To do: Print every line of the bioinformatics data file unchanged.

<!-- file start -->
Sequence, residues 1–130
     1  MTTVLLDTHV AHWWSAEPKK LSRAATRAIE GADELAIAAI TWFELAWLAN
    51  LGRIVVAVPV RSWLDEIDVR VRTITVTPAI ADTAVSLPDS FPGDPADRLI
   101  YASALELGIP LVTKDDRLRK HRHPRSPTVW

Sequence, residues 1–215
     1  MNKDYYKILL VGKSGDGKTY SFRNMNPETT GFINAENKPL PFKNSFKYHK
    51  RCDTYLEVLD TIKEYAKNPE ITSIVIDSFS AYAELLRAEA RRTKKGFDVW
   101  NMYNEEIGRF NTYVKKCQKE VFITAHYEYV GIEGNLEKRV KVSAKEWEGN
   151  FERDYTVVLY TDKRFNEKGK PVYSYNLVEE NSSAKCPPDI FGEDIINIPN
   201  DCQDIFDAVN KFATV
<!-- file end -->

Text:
Sequence, residues 1–130
     1  MTTVLLDTHV AHWWSAEPKK LSRAATRAIE GADELAIAAI TWFELAWLAN
    51  LGRIVVAVPV RSWLDEIDVR VRTITVTPAI ADTAVSLPDS FPGDPADRLI
   101  YASALELGIP LVTKDDRLRK HRHPRSPTVW

Sequence, residues 1–215
     1  MNKDYYKILL VGKSGDGKTY SFRNMNPETT GFINAENKPL PFKNSFKYHK
    51  RCDTYLEVLD TIKEYAKNPE ITSIVIDSFS AYAELLRAEA RRTKKGFDVW
   101  NMYNEEIGRF NTYVKKCQKE VFITAHYEYV GIEGNLEKRV KVSAKEWEGN
   151  FERDYTVVLY TDKRFNEKGK PVYSYNLVEE NSSAKCPPDI FGEDIINIPN
   201  DCQDIFDAVN KFATV